There have been calls to transform Penang into a services-driven economy and scale back its manufacturing industry. But the global economy, says Penang Institute CEO Zairil Khir Johari, shows that this would be a grave mistake.
The advent of the digital era, characterised by seamless and instantaneous transfer of information and unprecedented levels of global interconnectedness, has seen a paradigm shift in social, political and economic strategies worldwide.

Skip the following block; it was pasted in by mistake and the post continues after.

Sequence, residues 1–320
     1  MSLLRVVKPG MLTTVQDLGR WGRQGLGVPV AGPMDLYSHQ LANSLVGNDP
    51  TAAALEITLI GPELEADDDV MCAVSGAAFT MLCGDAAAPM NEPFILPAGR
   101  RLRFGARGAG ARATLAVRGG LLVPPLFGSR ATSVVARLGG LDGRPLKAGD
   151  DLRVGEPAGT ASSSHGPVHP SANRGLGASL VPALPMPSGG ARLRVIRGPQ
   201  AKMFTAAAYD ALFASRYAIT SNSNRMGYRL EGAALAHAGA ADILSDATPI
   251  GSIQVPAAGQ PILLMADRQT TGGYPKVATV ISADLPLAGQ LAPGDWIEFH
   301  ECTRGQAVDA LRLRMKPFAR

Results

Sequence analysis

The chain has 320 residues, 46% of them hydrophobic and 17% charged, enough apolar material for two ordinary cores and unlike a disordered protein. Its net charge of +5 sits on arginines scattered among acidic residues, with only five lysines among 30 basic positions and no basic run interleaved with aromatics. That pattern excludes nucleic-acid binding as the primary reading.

In fact, it is commonly said that the world has entered into “the knowledge revolution or knowledge economy”, which some have argued to be “the latest phase of capitalism”1. In this age of knowledge, mobile capital and the easy spread of technology have meant that the production of goods have increasingly shifted to low cost countries.
“This is a natural progression, especially for developed economies,” notes international investment banker Julian Candiah.
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